Monday, July 12, 2010


I like to pasteurize my milk before I make cheese. I've used to do it in a big pot on the stove, stirring the milk so that it didn't scorch. It seems to take forever!!

My good friend gave me an old pasteurizer! It was one that was buried under stuff at her house. She had gotten a newer one and didn't need this one anymore.

 Here's a photo of my 'new' old pasteurizer. I looked it up on the internet and the new ones cost quite a bit of cash, so I'm very happy with this one.

I took it to the local repair shop and they put a new electrical cord on it because the other one had been kinda chewed up by the mice! I spent $35, which I found out later was a bit silly because our son-in-law knows how to replace cords. Apparently he has replaced many cords since he works construction and construction workers regularly cut through their electrical cords. It's a good thing he's going to school to be a nurse, it sounds like construction workers can really cause themselves some damage!

 Notice the twist tie on the side? That's because I couldn't get the lid-holder to stay. I tied it to the side and don't have any trouble getting the lid to seal now.

The white stuff around the side on the drain tube is mending putty. I couldn't figure out why the water level was lower when I finished pasteurizing than when I started. It was because there was a slow leak around the edge. I love mending putty!

I always do things that could make a mess in the sink. When I'm using the pasteurizer it sits on a pot in the sink just in case there is a leak. It makes it much easier when I am draining the water level before I take the milk out, too.  There have been quite a few times that I have been grateful that I've made using the sink a habit.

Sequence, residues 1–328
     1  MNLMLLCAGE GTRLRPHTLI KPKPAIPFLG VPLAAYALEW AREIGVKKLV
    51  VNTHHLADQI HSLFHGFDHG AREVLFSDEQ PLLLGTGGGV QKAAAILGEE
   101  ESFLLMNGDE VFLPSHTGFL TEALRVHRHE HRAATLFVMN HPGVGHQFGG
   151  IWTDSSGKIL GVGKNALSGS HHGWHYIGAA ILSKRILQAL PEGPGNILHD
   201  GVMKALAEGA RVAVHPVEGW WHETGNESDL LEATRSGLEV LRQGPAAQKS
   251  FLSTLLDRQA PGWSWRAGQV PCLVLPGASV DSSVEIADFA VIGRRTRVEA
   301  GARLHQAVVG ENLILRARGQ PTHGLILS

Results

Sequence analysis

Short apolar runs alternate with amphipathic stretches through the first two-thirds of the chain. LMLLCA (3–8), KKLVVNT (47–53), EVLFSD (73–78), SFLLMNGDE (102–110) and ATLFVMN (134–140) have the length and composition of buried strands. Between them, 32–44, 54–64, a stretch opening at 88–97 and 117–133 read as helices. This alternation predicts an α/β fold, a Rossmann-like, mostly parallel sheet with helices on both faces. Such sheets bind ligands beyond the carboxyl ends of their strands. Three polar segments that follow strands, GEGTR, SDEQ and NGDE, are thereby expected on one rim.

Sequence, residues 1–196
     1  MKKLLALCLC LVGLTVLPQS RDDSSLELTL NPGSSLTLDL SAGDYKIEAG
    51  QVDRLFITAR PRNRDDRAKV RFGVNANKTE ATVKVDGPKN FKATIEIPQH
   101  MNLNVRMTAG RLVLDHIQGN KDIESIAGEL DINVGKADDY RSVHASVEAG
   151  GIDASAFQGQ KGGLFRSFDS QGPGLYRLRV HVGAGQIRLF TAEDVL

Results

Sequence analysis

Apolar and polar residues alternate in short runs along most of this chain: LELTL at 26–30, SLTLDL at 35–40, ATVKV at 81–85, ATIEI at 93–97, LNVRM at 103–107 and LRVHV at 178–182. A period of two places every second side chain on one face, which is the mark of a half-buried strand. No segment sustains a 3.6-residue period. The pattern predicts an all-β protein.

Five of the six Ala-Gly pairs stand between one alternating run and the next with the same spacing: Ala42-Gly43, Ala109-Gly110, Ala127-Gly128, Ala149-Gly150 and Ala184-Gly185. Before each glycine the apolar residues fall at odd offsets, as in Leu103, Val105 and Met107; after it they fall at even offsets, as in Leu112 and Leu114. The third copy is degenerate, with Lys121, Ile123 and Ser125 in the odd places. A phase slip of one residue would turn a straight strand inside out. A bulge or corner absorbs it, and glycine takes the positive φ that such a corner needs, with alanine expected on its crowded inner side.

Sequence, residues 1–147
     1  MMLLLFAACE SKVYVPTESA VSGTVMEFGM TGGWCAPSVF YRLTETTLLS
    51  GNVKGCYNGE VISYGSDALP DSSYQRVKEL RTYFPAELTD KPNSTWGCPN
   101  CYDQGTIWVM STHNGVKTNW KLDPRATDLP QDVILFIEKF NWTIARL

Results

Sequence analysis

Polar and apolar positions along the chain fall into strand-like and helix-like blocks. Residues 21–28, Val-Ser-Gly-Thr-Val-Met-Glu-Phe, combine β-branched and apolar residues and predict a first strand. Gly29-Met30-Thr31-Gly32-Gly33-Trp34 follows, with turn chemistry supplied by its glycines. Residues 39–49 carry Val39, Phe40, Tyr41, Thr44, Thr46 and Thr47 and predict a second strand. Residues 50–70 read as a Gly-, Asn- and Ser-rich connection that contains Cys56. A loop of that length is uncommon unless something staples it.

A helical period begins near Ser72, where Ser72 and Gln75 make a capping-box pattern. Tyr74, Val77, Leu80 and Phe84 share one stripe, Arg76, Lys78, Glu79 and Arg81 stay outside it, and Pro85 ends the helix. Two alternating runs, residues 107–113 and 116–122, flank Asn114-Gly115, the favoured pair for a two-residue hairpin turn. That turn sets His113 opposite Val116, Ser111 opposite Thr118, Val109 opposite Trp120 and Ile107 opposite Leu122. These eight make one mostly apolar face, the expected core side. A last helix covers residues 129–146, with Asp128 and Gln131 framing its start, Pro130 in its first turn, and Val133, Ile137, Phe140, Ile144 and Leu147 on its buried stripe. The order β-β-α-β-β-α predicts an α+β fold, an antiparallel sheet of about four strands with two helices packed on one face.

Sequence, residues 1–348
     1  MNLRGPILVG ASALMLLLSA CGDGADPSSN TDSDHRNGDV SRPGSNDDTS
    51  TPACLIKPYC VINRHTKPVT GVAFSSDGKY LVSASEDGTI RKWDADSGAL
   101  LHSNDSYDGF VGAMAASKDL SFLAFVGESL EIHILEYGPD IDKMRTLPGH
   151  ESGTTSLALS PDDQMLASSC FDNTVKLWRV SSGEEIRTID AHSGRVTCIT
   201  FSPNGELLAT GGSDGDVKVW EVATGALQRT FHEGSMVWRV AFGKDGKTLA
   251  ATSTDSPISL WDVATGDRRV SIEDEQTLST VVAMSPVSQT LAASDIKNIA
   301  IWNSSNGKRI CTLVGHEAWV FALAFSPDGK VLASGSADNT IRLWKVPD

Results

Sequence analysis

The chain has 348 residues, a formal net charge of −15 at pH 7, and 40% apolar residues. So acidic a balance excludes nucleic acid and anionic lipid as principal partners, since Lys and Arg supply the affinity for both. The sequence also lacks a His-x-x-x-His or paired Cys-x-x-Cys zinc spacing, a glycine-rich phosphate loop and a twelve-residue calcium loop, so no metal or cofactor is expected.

It is really easy to tell when the milk is pasteurized. There is a loud buzzer that we can hear throughout the house and the yard (if the windows are open)! It usually takes about 40 minutes to pasteurize 2 gallons of cold goat milk. It takes less time if the milk is still warm from milking.

I love having a pasteurizer because I can do something else while the machine does the work! Like blog! Oh, there goes the buzzer. Time to cool the milk and make some farmstead cheddar!


Nicole said...

Thank you for posting this! I recently purchased the same model pasteurizer at a terrific price! However, when I opened the pasteurizer I discovered that it reeks, peeew-eeee! Any tips on cleaning? The milk container itself is clean but the water bin is stinky! I want to be able to use it, but I'm not comfortable with the smell. Any suggestions? Bleach maybe? I am hesitant to clean it with something that could get into our milk - HELP!!

TJ said...

Give me a day to check with Hubby, who is a chemist. I wouldn't use bleach yet. It is a pretty strong base. I'll check with him and leave another comment soon!

Two things you can do before I get back to you are, 1) put water in the water bin area, plug it in and let it 'pasteurize' the water. It won't boil, but it should get up to somewhere between 150˚ and 165˚, hot enough to kill some of the bugs.
2) leave it outside in the open air and sunshine for a day or two. Sunshine kills alot of bacteria!

TJ said...

Hubby said that you should either put in about a teaspoon of bleach and fill it with water, then leave it for a few hours. Dump the water and bleach, rinse well. Fill with water and let it heat for a while.

Or you can put in about 1 pint of hydrogen peroxide, then fill it with water, let it sit for a few hours and then rinse out.

Check the wiring, too, to make sure that it is okay. Ours was chewed a bit and I decided to replace it because I wanted to be safe.

Hope that helps!

Nicole said...

Thank you for your response! I will try those. I also read that a mixture of water and vinegar can remove, what I now believe is milk stone, I think I'll begin with ideas which use the least amount of chemicals and work my way up. I'll let you know how things go, thanks again!